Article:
ELEY Spotlight - Alex Chichkov and Emil Milev

Over the last few weeks we have been highlighting Team USA shooters and today is our last in the series...

Alex Chichkov and Emil Milev are just a couple of the talented pistol shooters on the USA Shooting Team. Alex competes on the National Junior Team and Emil, a five-time Olympian on the National Team, have known each other for 12 years. The pair are Rapid Fire Pistol training partners...so who better to interview these men than each other?


Emil: You are 20 years old - exciting time of your life, with a lot of distractions. What or who motivates you to drop everything and practice, where do you find the drive?

Alex: There are two things that motivate me. The first is my desire to win and be the best. While the second is my family as they have always supported and pushed me to be great. Without both, I would not be the athlete I am today.


Emil: With two gold medals from the World Championship in Granada, anyone can say this is a strong ending of your junior career. How do you feel about entering the adult shooting next year? What are your expectations and do you feel ready for the rigor and the new challenge?

Alex: I feel a bit nervous but mostly excited. The open category gives me a new challenge to overcome and conquer. With enough training, anything is possible, even in the Open category. Having recovered from a recurring tendinitis issue, I feel more ready than I have ever been.


Emil: What was the first thing you felt, or the first thought when you realized you just became World Champion in Standard Pistol?

Alex: The first feeling was pure happiness and joy. I looked back and asked my Dad if I finished first and his immediate response brought me more joy than most other things. I felt proud of myself and all the hard work that went into making it possible.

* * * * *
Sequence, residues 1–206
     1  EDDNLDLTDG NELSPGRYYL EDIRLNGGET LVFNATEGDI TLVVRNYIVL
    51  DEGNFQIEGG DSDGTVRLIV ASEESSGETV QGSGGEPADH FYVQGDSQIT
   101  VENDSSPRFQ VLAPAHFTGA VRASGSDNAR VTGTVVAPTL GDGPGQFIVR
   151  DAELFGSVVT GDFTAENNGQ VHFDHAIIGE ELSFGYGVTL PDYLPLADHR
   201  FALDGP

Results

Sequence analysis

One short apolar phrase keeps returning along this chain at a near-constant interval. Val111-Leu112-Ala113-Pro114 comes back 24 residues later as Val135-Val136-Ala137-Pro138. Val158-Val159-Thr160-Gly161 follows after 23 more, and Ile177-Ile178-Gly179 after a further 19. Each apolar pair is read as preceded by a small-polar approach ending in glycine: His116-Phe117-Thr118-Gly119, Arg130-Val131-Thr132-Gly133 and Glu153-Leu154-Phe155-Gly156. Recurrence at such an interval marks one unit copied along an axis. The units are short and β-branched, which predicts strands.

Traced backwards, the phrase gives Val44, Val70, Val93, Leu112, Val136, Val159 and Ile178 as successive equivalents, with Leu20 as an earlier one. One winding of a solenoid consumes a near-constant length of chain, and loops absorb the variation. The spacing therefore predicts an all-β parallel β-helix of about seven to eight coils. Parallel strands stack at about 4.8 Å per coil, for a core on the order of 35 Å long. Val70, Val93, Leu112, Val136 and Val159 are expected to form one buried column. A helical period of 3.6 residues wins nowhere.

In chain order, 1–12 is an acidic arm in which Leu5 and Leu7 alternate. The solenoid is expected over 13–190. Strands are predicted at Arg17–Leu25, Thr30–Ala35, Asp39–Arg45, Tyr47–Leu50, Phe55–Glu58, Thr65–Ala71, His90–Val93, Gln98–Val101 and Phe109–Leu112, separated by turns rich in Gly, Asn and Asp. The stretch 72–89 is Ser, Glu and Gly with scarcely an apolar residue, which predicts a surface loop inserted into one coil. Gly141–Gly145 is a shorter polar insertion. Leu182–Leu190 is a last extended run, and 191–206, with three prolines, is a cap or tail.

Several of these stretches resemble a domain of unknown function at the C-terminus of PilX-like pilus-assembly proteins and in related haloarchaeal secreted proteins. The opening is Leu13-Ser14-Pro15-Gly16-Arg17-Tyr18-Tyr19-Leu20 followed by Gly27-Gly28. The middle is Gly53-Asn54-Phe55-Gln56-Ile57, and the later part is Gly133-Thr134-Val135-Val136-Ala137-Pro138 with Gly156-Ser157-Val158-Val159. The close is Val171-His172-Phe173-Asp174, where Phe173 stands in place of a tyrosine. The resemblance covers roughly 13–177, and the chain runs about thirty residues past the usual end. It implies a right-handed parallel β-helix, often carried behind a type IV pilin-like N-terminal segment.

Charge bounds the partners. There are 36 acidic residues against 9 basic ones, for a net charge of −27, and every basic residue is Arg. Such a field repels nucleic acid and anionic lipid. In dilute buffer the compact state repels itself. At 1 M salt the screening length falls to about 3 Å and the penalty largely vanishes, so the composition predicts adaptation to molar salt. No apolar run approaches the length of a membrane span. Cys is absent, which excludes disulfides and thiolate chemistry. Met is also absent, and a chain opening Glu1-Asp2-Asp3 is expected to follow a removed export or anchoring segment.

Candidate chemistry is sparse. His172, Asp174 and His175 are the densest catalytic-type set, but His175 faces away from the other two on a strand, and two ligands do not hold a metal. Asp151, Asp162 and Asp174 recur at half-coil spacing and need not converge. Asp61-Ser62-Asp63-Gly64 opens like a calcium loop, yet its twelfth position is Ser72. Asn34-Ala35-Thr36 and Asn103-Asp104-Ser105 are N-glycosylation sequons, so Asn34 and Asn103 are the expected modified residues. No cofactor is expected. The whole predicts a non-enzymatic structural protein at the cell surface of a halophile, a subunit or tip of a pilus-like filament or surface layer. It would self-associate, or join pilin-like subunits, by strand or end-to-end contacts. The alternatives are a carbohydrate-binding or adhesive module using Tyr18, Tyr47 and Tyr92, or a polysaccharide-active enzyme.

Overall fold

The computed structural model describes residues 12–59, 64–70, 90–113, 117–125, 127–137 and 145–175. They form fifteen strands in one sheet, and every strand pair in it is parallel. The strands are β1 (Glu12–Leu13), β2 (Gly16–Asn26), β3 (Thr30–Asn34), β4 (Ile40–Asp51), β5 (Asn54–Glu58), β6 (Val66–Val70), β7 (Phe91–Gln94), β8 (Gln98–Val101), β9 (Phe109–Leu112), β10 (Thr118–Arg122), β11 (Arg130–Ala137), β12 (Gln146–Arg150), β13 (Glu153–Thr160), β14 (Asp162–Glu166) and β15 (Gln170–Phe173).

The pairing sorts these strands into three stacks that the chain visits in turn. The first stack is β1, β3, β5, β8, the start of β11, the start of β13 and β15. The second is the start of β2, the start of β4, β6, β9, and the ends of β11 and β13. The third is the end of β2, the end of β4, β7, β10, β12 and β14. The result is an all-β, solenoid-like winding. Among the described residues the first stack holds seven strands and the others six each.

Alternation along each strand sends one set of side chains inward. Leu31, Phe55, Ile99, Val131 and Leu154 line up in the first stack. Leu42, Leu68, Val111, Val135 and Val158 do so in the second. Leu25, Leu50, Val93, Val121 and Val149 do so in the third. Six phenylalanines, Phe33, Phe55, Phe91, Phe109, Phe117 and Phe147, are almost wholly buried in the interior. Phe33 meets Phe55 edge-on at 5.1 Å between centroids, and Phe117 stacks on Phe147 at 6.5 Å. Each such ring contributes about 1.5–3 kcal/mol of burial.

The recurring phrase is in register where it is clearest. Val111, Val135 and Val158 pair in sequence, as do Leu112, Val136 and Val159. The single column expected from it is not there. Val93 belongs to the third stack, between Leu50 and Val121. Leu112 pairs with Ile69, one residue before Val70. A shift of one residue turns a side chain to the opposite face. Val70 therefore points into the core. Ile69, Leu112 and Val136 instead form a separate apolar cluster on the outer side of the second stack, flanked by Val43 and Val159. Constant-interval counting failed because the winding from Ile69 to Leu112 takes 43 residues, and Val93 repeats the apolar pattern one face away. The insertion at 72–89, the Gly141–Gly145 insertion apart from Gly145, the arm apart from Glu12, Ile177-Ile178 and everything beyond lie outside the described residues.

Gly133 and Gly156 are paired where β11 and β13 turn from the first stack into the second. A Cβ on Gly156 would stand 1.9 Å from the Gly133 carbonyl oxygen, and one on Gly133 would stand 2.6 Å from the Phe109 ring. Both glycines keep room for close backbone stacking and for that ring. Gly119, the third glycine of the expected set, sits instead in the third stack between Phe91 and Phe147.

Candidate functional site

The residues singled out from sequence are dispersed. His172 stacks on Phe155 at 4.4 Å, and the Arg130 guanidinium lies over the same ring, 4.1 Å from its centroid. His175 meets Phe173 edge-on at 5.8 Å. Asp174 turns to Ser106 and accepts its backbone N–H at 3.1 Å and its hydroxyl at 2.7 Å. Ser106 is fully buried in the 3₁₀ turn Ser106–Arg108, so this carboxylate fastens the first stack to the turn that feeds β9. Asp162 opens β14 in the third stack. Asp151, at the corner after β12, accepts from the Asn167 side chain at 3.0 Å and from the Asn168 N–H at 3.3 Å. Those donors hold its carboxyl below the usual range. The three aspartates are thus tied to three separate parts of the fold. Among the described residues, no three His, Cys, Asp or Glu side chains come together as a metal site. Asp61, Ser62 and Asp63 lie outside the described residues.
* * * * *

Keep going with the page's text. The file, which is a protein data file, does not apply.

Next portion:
Emil: Four months after your success in Spain, is there a change at how you see your wins there, compared to the first few days?

Alex: The first few days were happy days, winning the first medal helped to give me the confidence to win the second. Now that time has passed, I look at the medals as past achievements. I am looking forward to the next challenge rather than staying focused on the past.


Emil: Your score in Sport Pistol was way above second place score. What is the feeling to know you dominated everyone on the firing line at the World Championship?

Alex: As I finished shooting, I almost knew that I won.  It was a score much higher than anything I had shot so I knew the result would be good. When I looked at the results, my thoughts became a reality as I saw my success. I was ecstatic about the score; though it could have been slightly higher so that I could have gotten a World record, but the accomplishment was still amazing.


Emil: You are one of the most successful junior shooters in the U.S. What can you say to all young shooters, who are on the same path as you were just a few years back?

Alex: The most important thing is persistence in your training. You have to continue training even if you have more fun things to do, and in time, shooting will become the most fun. Training just one hour a day will keep improving you, two hours and you’re ahead of the competition. Three hours and you are in line to become the best. The results you attain are reflected by the amount of time you spend training.



Alex: What has driven you after all these years to continually compete? Are things easier or harder here in America in regards to training?